`A painful funny humane novel: beautifully written, addictively readable and so confident' The TimesDiscover this brilliantly comic and moving bestselling novel by the award-winning author of The Curious Incident of the Dog in the Night-Time and The Porpoise.
George Hall doesn't understand the modern obsession with talking about everything. 'The secret of contentment, George felt, lay in ignoring many things completely.' Some things in life, however, cannot be ignored.At fifty-seven, George is settling down to a comfortable retirement, building a shed in his garden, reading historical novels, listening to a bit of light jazz. Then Katie, his tempestuous daughter, announces that she is getting remarried, to Ray. Her family is not pleased - as her brother Jamie observes, Ray has 'strangler's hands'. Katie can't decide if she loves Ray, or loves the wonderful way he has with her son Jacob, and her mother Jean is a bit put out by all the planning and arguing the wedding has occasioned, which get in the way of her quite fulfilling late-life affair with one of her husband's former colleagues. And the tidy and pleasant life Jamie has created crumbles when he fails to invite his lover, Tony, to the dreaded nuptials.Unnoticed in the uproar, George discovers a sinister lesion on his hip, and quietly begins to lose his mind.The way these damaged people fall apart - and come together - as a family is the true subject of Mark Haddon's disturbing yet very funny portrait of a dignified man trying to go insane politely.
Mark Haddon is an author, illustrator and screenwriter who has written fifteen books for children and won two BAFTAs. His bestselling novel, The Curious Incident of the Dog in the Night-time won seventeen literary prizes, including the Whitbread Award. His poetry collection, The Talking Horse and the Sad Girl and the Village Under the Sea, was published by Picador in 2005, and his last novel, The Red House, was published by Jonathan Cape in 2012. His most recent title is short story collection The Pier Falls. He lives in Oxford.
"Brilliant...very funny" Sunday Telegraph "A painful, funny, humane novel: beautifully written, addictively readable and so confident" The Times "Wry, warm-hearted and entertaining" -- Charlotte Moore Telegraph "Unforgettable" Daily Express "A witty and subtle family drama" Independent on Sunday
The most keenly awaited paperback of the year - the brilliant new novel by the author of The Curious Incident of the Dog in the Night-time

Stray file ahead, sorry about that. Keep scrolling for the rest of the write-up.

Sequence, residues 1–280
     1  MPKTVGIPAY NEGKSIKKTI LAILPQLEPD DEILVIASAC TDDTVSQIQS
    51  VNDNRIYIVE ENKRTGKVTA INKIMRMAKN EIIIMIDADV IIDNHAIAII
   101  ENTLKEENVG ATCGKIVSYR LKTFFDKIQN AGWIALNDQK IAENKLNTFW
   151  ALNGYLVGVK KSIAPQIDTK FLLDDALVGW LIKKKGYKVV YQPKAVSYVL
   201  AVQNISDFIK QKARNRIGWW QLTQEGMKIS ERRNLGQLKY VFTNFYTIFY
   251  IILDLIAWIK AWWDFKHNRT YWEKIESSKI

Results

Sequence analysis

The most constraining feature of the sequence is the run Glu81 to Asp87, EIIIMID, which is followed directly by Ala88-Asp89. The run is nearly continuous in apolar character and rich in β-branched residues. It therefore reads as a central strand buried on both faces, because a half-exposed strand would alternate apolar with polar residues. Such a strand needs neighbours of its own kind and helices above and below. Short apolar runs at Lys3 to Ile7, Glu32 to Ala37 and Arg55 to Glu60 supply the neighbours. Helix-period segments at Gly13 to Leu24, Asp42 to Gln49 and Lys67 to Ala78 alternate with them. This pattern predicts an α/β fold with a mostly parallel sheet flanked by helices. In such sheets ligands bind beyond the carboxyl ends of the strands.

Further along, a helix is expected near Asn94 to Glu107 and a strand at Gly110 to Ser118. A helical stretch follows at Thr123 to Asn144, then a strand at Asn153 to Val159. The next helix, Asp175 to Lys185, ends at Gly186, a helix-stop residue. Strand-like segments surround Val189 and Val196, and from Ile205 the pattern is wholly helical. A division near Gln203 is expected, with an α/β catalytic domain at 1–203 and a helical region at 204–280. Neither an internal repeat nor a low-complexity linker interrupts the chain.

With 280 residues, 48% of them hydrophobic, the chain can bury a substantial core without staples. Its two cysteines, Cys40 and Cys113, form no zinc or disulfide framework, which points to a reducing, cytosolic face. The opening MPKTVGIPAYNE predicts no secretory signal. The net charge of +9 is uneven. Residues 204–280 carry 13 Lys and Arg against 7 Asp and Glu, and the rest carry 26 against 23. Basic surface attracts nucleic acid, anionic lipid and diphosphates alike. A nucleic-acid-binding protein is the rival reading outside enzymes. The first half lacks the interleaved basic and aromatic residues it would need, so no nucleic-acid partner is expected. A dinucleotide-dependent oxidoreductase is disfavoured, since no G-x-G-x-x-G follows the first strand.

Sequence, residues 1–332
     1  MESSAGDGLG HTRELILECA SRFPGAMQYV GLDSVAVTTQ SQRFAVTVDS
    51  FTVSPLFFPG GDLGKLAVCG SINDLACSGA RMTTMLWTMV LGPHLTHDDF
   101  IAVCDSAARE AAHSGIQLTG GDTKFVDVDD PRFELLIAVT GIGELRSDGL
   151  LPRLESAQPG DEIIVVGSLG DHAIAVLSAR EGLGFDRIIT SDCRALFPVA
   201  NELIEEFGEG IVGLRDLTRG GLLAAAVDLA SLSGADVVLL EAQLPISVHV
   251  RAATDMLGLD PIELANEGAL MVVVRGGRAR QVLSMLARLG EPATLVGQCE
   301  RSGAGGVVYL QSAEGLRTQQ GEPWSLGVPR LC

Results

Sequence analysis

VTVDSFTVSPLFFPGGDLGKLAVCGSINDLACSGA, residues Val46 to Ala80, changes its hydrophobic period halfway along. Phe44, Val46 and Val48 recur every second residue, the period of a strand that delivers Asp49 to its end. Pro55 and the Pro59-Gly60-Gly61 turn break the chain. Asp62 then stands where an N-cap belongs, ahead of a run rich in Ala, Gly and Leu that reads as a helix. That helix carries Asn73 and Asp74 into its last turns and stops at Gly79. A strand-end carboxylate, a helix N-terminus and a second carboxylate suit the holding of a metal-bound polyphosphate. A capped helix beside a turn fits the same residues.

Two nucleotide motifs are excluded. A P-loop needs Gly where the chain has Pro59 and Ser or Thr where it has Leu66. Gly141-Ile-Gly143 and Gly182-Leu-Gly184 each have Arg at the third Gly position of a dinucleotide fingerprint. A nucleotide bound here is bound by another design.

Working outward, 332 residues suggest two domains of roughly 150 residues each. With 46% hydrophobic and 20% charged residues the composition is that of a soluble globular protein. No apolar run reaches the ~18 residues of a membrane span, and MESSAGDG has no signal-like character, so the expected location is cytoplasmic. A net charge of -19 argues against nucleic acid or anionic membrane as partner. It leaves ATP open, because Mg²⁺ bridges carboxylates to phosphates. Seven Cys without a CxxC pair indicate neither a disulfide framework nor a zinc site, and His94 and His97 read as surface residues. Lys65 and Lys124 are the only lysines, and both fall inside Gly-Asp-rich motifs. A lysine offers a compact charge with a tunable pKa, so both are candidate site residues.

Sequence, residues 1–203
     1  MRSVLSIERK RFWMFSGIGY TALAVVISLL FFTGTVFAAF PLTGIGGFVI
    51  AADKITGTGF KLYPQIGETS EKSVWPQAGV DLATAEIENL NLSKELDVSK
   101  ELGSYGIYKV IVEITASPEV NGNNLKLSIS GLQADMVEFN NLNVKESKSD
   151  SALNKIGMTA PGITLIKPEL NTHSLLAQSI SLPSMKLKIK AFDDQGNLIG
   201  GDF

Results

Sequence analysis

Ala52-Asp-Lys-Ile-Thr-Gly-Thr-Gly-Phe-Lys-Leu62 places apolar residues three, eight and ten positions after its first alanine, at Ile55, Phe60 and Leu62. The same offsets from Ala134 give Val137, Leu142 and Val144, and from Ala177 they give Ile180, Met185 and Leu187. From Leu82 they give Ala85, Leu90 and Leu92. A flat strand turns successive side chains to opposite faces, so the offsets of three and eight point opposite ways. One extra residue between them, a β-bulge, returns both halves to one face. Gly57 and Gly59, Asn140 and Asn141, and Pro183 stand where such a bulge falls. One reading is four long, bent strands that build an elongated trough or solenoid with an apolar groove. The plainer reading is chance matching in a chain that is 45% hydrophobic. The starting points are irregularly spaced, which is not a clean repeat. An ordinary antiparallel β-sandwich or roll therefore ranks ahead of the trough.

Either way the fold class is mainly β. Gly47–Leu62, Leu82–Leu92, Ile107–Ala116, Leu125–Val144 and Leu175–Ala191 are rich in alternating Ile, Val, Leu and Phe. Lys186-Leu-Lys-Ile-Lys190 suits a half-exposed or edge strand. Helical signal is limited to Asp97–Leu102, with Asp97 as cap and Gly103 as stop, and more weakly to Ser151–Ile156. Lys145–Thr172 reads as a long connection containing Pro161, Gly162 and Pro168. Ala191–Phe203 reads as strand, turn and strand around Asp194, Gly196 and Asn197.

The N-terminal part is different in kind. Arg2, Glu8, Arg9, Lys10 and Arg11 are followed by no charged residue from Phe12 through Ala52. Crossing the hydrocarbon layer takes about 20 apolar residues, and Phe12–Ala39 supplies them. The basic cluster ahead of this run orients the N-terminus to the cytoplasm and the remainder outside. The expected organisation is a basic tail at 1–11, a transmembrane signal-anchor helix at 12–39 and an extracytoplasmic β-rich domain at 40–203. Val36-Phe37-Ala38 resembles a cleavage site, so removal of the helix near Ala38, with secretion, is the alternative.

A novelist of major potential puts his artistic ambition on hold with this minor follow-up to his audacious breakthrough.The Curious Incident of the Dog in the Night-Time (2003) would be a tough act for any writer to follow. Haddon earned raves from critics and readers alike for the ingenious narrative voice of his protagonist, an autistic teenaged math genius investigating the disappearance of his mother and the death of a dog. The British author's first shot at adult fiction (following a number of children's books) was so strikingly original that it's particularly disappointing to find him here settling into the sort of conventional domestic comedy that so many have done before and that some have done better. George Hall is a 61-year-old retiree, a dutiful father and a dull, dependable husband. He has been living on autopilot until he discovers a spot on his skin and convinces himself that he has cancer. When neither his family nor his doctor takes his self-diagnosis seriously, he starts to think he's losing his mind. Wife Jean has been distracted by her affair with one of George's former coworkers. Their divorced daughter, Katie, announces her impending marriage to a man who might even be duller than George, but who provides security and emotional support for her son. Her gay brother, Jamie, is mainly concerned with whether to bring his lover to the wedding, knowing that his parents are in denial and that the guests will be scandalized. Will George die or go crazy? Will Jean leave him? Will Katie go through with the wedding? Will Jamie bring his lover? Will the reader care? Though Haddon is a clever writer with an eye and ear for the absurdities of everyday life, the results here fall somewhere between the psychological depth of Anne Tyler and the breeziness of Nick Hornby.Takes too long to arrive at its farcical finale and seems too slight in the process. (Kirkus Reviews)
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